If we lose the general practitioner’s market to the commercial producers, we will never get it back. And because general practitioners are more than half of law society membership, they are the lawyers whose greater contact with middle and lower income people determines the reputation of the legal profession. And when they are gone, courts and judges will be much less important to society. Why should people continue to respect and pay for a justice system they cannot use? Best we abolish law societies. Or, is it possible to make them adequately responsive to public need? Read the FULL ARTICLE.

Lastly, see the solution in: “Access to Justice—Unaffordable Legal Services’ Concepts and Solutions” (pdf., August, 2017).


[1] Alternative business structures (ABSs) involve law firms becoming investment properties. The investors would provide: (1) financing for the automation of routine legal services; (2) more advanced marketing techniques; and, (3) enable related non-legal services to accompany the provision of legal services. But because ABSs would not change the method whereby the work is done to produce legal services, they have no capacity to solve or reduce the problem of unaffordable legal services. That problem is caused by the unaffordability of non-routine legal services.

[2] “Bencher”-Canadian usage: the terms bencher and treasurer are in use by the legal profession in Canada. A bencher in the Canadian context is a lawyer elected by the other lawyer-members of the law society to be its board of directors (referred to as “Convocation”). The treasurer is elected by the benchers to function as the chair. Paralegals are also elected as benchers in those provinces where the law societies govern the paralegal profession.

[3] Law Professor Benjamin H. Barton (University of Tennessee College of Law), Glass Hall Full—the Decline and Rebirth of the Legal Profession (Oxford University Press, 2015), p. 175.

[4] Under s. 56(4) of Ontario’s Law Society Act, bylaws can be enacted that allow non-lawyers (e.g., investors owning law firms) to, “practice law or provide legal services” (s. 26.1(5)). Such bylaws are enacted by a board of five trustees of whom two are appointed by the Attorney General of Ontario, and three by the law society (s. 54(1)). Such non-lawyers would thus avoid prosecution for “the unauthorized practice of law” (s. 26.1).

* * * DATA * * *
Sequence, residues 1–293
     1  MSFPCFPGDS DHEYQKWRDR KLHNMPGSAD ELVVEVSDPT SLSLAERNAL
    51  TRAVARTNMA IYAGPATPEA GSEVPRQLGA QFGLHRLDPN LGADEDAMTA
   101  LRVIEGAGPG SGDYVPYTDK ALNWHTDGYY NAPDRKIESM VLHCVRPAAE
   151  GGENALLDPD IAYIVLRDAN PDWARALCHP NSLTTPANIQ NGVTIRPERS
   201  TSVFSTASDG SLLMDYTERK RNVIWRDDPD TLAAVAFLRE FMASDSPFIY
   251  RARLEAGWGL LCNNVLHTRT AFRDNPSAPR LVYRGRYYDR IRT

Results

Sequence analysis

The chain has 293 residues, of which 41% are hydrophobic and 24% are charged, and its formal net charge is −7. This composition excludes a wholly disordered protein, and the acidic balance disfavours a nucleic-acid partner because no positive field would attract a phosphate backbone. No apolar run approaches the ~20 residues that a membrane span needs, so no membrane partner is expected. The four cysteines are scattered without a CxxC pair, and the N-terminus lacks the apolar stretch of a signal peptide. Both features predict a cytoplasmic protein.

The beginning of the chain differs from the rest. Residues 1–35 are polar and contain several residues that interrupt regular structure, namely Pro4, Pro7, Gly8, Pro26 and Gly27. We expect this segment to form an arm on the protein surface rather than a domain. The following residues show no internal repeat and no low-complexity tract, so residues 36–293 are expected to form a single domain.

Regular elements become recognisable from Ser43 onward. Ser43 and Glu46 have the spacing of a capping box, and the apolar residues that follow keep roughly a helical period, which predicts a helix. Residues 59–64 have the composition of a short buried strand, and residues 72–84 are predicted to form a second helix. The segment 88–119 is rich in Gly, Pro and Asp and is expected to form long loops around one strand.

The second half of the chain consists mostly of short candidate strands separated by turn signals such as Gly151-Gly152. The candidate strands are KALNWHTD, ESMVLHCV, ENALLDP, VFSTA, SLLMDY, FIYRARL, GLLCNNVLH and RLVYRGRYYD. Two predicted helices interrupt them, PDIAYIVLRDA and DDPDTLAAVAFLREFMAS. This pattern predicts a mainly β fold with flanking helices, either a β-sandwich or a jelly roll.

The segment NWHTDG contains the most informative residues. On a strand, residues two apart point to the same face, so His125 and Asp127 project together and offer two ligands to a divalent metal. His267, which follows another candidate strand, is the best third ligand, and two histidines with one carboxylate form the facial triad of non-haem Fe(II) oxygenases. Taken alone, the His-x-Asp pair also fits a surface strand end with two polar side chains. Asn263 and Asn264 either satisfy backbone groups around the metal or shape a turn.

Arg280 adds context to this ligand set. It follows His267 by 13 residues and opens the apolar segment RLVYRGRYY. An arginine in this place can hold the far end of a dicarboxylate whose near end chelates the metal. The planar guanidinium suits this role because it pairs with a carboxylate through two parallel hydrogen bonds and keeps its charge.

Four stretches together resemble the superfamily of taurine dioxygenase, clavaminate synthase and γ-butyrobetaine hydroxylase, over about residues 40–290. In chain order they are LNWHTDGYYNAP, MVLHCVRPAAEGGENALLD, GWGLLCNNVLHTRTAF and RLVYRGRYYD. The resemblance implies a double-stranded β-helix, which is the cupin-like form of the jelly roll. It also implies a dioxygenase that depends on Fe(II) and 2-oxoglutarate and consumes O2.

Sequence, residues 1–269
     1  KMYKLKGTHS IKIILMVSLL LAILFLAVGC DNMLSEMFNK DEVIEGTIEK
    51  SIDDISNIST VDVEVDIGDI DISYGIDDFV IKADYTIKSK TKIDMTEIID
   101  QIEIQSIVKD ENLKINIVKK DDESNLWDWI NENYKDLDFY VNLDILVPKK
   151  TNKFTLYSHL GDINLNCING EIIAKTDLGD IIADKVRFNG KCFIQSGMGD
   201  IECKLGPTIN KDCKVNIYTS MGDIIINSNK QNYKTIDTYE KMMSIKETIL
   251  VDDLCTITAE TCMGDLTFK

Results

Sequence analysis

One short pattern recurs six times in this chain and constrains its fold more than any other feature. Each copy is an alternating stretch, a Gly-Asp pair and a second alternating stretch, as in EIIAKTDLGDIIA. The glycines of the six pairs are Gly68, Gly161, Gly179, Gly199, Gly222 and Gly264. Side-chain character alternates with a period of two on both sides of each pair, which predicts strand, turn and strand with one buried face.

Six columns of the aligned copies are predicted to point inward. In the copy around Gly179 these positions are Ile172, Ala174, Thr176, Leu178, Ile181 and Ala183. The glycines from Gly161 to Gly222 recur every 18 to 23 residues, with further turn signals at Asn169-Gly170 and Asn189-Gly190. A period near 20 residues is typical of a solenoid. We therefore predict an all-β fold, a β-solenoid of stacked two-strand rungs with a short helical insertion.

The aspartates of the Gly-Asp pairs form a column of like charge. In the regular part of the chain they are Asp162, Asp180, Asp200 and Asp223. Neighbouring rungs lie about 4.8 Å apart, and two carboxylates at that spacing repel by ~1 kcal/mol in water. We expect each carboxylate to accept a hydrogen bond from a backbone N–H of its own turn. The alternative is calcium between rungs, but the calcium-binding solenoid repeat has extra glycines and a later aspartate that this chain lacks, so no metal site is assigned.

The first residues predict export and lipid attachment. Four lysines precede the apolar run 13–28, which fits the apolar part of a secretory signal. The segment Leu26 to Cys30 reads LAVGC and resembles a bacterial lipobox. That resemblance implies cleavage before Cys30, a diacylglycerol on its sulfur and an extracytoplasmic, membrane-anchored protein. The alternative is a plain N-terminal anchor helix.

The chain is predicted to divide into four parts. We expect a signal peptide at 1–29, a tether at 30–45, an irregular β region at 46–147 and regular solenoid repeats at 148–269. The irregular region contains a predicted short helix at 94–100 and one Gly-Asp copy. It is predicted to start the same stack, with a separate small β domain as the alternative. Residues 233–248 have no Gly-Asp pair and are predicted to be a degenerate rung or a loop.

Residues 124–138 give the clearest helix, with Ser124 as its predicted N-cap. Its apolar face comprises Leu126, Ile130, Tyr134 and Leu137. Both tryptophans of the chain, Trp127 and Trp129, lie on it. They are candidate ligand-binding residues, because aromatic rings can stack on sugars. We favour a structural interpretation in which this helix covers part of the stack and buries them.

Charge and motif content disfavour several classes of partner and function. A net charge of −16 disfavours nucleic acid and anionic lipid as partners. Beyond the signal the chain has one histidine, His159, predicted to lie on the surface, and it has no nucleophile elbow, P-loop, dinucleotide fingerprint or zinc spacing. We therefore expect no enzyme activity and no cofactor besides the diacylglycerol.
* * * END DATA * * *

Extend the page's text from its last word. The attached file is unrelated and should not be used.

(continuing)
[5] For purposes of Criminal Code s. 122, see the definition of “public officer” provided by, R. v. Boulanger 2006 SCC 32, which elucidates the constituent elements of the offence. And such a self-interested prosecutor violates a fundamental rule of prosecution, “the Crown never wins and the Crown never loses.”

[6] The “dark secret” is that it is not known how the most advanced of these systems work—they can program themselves. But, “Starting in the summer of 2018, the European Union may require that companies be able to give users an explanation for decisions that automated systems reach. This might be impossible… .”

[7] Examples of very frequently used evidence from complex systems are: (1) records from complex electronic records management systems, which are now the most frequently used kind of evidence; (2) mobile phone tracking evidence, because we all carry mobile phones; and, (3) the blood-alcohol readings from breathalyzer/intoxilyzer devices that are the foundation of almost all impaired driving and “over 80” prosecutions (over 80 milligrams in 100 milliliters of blood). They are frequently far from perfect in their manufacture, use, and maintenance.

[8] Mobile phone tracking evidence was critically important evidence in the pre-murder trial voir dires in: R. v. Oland 2015 NBQB 245; and, 2015 NBQB 244. The result was a conviction for second degree murder.

[9] Alternative legal services are: clinics of various types, self-help webpages, phone-in services, paralegal and law student programs, family mediation services, court procedures simplification projects, public legal education information services, programs for targeted (unbundled) limited retainer legal services (as distinguished from a full retainer to provide the whole legal service), pro bono (free) legal services, and the National Self-Represented Litigants Project, the purpose of which is to help self-represented litigants to be better litigants without lawyers. See: “Access to Justice: A Critique of the Federation of Law Societies of Canada’s Inventory of Access to Legal Services Initiatives of the Law Societies of Canada” (pdf.).

[10] Pro bono’s free legal services are provided within a solicitor-client relationship, but they are available to serve only short, simple cases. And “targeted legal services” provide much less than that.


  1. David Collier-Brown

    There’s another, orthogonal, issue here, that of an investor with a vested interest buying into a firm in order to advance their agenda.

    In the US, the topical example was the Hulk Hogan suit against Gawker, financed by Mr Peter Thiel, as described in

    This is an additional interesting balancing question for the members of the Law Society: how to deal with the rich and powerful weighing in on questions before the courts at the same time as balancing the pressing business and access to justice problems.